If it was easy, everybody would do it, but fortunately, there is a reason why 90% of the new restaurants fail. The competition is insanely high in the big cities, not to say that most of the people have already their favorite place where they go to grab something to eat.
It's definitely not a business for a beginner, that's for sure. There are tons of problems that can go wrong all the time, from fire hazards to food poisoning and you don't want to be the owner when they happen.
111 is correct. 90% of new restaurants fail within the first year. The restaurant industry, has so much that needs to be managed, it makes it difficult for people who are new to it.
Is that to say that you can't make it? Absolutely not. NEVER get discouraged. I've got plans to open up a restaurant in Nashville <5 years. A solid plan, and executing that plan, will certainly help. It's not a guarantee by any means, but it will keep you on course. The biggest thing, in my opinion, is to have your plan all laid out before you even contemplate starting up.
* Investment money
* Accounts set up
There are so many things that you need to consider when starting a restaurant. My advice to you, if you're actually very serious about this, begin writing your plan. After that, go around to your favorite restaurants in town, and ask to speak with the owner. Tell him/her that you're in the process of writing your business plan for your new restaurant, and would like to sit down with them for 15 minutes if possible, and pick their brain. Keep it professional. Tips on how they became stable, tips on how to stay strong during the start up phase. Don't take advantage of them. Their time is very very valuable, and they expect it to be used wisely. Try to gain as much knowledge as possible before you embark on your journey. It will never hurt. After that, all you can do is put forth 100% effort and grind it out. They're hard work, and they take dedication, but if you have a passion for it, nothing can stop you.
I've not had a restaurant biz of my own but I grew up in one. Literally. We lived upstairs; my parents and grandparents owned/ran the diner and my sister and I spent most of our time in the kitchen or learning how to wash the dishes and wait tables. This was the time before dishwashers.
It was a TON of work and long hours with almost no days off ever but they did very well. They provided good food at good prices and terrific customer service. It paid off handsomely for them.
If you're prepared to put in the work, provide great food and atmosphere, and maintain a strong customer focus, you could do well.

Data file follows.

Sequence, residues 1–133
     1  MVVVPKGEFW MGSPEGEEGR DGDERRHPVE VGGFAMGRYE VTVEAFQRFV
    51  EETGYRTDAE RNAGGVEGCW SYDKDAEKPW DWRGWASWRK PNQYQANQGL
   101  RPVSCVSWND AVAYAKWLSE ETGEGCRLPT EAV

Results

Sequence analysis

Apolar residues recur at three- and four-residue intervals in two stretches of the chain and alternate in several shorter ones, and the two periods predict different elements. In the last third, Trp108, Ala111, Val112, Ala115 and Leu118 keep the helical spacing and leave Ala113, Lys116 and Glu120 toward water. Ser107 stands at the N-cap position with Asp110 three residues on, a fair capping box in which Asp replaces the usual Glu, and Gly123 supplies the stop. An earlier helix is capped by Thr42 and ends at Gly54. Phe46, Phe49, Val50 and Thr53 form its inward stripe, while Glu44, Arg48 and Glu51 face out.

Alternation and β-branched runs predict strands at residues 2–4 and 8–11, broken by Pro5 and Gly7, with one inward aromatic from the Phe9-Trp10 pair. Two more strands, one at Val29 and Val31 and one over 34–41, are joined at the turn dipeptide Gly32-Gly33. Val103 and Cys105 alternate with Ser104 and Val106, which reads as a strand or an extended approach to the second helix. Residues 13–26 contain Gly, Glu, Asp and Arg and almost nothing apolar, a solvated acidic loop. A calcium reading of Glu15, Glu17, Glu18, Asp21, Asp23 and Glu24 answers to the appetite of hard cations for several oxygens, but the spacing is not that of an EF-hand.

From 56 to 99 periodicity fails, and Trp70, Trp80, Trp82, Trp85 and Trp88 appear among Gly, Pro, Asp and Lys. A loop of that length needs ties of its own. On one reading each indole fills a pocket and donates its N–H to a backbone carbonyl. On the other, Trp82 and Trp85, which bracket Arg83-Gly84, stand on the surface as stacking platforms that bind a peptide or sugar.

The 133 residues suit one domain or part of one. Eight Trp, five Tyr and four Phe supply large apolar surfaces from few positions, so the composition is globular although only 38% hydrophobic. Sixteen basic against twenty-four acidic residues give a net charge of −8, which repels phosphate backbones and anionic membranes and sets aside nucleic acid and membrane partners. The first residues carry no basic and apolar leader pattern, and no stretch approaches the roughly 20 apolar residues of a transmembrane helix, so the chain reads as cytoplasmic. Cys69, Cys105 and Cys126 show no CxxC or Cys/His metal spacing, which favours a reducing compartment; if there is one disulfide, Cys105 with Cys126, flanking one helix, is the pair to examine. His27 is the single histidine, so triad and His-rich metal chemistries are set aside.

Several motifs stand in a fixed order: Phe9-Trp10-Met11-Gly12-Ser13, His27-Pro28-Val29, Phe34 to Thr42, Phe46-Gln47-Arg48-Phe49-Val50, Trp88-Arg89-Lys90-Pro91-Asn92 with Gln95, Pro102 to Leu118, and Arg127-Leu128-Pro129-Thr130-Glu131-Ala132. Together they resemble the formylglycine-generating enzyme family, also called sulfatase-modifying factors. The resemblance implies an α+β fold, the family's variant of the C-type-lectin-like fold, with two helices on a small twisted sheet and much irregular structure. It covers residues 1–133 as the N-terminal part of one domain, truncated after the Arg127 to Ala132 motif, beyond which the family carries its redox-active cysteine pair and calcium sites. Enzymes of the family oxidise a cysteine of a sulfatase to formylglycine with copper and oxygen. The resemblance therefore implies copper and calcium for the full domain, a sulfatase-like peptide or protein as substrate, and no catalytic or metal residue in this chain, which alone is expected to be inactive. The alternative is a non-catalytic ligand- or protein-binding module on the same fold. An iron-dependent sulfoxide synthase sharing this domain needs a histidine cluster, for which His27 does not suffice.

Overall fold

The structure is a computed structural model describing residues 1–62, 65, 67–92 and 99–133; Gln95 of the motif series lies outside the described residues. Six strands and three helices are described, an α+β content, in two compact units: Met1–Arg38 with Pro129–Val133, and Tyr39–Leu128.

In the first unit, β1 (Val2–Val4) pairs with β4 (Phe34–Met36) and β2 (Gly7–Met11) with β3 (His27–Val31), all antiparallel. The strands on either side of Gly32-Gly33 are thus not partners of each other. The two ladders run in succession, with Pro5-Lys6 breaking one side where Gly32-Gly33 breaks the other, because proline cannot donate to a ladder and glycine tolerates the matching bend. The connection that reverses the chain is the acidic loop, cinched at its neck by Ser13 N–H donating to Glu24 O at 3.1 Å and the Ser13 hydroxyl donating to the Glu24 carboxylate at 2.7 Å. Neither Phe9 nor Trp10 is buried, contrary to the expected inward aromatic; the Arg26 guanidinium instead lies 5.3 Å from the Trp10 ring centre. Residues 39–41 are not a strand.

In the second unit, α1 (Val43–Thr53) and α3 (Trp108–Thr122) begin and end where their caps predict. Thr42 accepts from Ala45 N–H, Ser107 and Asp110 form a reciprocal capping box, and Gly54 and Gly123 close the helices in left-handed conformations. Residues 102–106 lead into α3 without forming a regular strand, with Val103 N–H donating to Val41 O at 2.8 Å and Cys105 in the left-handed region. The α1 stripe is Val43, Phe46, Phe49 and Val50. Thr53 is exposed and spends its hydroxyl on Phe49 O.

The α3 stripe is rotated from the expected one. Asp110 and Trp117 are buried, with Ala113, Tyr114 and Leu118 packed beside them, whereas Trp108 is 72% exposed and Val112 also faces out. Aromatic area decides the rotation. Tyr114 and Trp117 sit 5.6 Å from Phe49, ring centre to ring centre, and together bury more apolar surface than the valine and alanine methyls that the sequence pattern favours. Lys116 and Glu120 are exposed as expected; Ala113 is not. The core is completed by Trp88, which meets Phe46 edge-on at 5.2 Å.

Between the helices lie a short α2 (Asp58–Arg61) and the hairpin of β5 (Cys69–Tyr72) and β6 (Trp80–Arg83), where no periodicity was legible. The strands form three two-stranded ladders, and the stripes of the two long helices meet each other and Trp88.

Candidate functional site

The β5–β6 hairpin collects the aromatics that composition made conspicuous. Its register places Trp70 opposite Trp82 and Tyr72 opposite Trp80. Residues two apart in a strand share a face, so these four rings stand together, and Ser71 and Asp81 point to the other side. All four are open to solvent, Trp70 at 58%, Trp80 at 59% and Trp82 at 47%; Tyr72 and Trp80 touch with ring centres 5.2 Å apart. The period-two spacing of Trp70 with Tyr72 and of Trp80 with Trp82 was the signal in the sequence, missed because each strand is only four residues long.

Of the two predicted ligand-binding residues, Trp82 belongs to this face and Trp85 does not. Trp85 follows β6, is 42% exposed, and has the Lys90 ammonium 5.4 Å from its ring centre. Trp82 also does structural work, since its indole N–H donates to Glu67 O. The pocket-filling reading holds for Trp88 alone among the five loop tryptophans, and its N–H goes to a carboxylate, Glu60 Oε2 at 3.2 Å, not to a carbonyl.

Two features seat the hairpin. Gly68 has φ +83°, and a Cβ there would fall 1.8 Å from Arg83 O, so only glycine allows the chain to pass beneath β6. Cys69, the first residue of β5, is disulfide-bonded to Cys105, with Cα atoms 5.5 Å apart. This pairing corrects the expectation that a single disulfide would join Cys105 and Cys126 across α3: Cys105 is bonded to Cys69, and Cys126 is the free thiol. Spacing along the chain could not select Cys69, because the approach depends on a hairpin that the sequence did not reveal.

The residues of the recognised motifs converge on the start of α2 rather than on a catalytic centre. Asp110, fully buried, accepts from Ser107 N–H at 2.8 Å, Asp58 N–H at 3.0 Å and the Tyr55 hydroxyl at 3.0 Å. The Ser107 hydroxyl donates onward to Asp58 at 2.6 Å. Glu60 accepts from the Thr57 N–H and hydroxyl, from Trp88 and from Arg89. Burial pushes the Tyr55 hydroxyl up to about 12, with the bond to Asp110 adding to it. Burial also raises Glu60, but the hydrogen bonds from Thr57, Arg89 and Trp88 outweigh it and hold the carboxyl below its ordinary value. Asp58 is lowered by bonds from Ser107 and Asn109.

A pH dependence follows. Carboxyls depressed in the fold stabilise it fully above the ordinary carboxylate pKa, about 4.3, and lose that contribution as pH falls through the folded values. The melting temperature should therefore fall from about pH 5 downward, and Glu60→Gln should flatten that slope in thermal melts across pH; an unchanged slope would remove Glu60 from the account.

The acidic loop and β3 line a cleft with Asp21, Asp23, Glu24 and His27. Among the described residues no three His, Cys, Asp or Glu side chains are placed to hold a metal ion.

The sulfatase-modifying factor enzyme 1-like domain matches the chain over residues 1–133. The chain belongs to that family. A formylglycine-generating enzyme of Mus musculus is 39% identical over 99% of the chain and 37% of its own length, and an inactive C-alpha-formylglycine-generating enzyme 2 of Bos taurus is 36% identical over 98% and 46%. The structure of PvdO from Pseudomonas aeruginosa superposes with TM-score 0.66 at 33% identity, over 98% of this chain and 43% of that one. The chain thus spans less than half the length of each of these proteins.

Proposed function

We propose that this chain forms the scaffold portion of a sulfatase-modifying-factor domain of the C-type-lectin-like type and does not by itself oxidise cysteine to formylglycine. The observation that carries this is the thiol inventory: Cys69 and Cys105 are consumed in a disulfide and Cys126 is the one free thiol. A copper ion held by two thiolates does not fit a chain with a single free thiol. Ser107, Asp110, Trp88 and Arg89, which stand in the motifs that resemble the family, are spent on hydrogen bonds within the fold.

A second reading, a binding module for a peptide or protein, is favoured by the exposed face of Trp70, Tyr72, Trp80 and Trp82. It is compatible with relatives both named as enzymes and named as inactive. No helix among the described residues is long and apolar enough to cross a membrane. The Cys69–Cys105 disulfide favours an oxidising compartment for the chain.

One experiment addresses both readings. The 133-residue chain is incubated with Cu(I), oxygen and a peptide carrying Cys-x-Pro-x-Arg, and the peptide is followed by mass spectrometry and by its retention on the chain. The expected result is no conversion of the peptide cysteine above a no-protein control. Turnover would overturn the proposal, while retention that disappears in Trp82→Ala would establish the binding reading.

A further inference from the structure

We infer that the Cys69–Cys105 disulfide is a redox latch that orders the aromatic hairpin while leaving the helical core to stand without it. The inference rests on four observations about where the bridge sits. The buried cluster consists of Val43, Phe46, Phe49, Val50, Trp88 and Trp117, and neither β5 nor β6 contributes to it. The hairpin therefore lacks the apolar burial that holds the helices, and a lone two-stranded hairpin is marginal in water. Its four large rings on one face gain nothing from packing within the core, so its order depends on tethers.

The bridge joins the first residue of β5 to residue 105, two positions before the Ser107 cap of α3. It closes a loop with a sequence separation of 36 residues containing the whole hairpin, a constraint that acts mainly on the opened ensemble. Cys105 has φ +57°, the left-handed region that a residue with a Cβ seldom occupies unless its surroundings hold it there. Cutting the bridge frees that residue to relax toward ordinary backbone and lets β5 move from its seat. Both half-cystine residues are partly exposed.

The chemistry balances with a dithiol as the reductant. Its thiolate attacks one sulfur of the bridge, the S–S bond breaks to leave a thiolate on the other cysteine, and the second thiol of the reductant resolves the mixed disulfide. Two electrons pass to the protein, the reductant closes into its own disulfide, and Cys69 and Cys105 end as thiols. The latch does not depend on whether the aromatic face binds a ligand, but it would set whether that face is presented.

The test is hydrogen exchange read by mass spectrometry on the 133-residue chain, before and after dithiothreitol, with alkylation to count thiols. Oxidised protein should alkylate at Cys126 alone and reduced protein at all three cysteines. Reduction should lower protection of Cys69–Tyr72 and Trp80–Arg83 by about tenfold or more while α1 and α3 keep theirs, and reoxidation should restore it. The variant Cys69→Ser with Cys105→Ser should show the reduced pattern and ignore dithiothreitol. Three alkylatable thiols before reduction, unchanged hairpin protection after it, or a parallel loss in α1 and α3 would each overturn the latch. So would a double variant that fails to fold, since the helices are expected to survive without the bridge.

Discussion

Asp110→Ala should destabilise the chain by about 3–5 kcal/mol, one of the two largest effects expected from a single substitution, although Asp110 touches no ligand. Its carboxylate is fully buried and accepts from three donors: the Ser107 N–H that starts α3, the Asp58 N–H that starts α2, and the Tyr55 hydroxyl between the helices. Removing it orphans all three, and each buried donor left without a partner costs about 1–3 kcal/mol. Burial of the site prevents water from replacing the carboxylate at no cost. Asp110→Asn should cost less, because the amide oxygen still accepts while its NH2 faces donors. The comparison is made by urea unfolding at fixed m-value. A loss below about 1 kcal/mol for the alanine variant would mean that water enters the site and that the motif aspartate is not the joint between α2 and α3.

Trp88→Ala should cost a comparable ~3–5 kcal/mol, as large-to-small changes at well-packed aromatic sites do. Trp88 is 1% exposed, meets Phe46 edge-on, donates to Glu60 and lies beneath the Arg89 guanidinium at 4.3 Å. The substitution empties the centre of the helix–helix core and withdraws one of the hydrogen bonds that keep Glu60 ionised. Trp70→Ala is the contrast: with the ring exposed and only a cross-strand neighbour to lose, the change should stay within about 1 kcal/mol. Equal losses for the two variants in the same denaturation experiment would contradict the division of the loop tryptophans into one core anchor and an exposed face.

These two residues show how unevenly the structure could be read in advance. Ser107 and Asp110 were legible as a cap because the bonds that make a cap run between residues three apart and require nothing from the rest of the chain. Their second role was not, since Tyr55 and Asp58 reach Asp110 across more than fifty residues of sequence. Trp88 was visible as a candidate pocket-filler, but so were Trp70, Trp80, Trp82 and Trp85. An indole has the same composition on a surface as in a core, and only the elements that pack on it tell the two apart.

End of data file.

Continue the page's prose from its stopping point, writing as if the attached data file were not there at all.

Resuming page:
I haven't ventured into restaurant business yet, but I am planning to do so in the future. I absolutely love food, so it does suit me well. Anyway, I think every business, regardless of what it's all about, is never easy to manage. You have got to put a lot of time and effort in making it a successful one.
@dyanmarie25, this is accurate, however; in "most" businesses, you don't have to worry about all of the stuff you do with a restaurant, or a bar, or nightclub.
Food, drink, employees, orders, maintenance of buildings, equipment, POS systems, distributors, people in the building, permits, licenses, etc. I know this is a terribly quick list thrown together, but I know for my business, I have:
myself, equipment, permits, ordering new equipment/product. That's it. There's a lot that goes into a restaurant or bar that people don't see. The fights in bars, the disorderly people, the vomit from people who are too drunk, over serving, etc. It's a nightmare. I've got a few friends who own/operate bars and restaurants. They're special people lol.
On the flip side, you are correct; every business is difficult to manage. That's why if entrepreneurship was easy, everyone would do it. I think we all know that's not the case
I've never had this type of business, but I've watched enough of those types of shows to get the idea of how difficult it can be to run one. I wouldn't go into restaurant type business. Just isn't for me.
I grew up in the restaurant business, a business my father had for 53 years (1943 to 1996). He made it a premiere upper middle class supper club and nightclub in central New York, near Syracuse (Liverpool, NY). I left the family business at 23 (1976) to manage a high profile restaurant and nightclub in Boulder Colorado.
Over the years I have watched the high mortality rate of restaurants and it is typically because of lack of experience, lack of demographic research, and being underfunded.
Business or Entrepreneurial questions? BizWarriors is completely FREE - paid for by advertisers and donations. Click here to join today! You can now use your Facebook or Twitter account to regsiter or login. If you're new to the BizWarriors Forum, we highly recommend that you visit our Guide for New Members.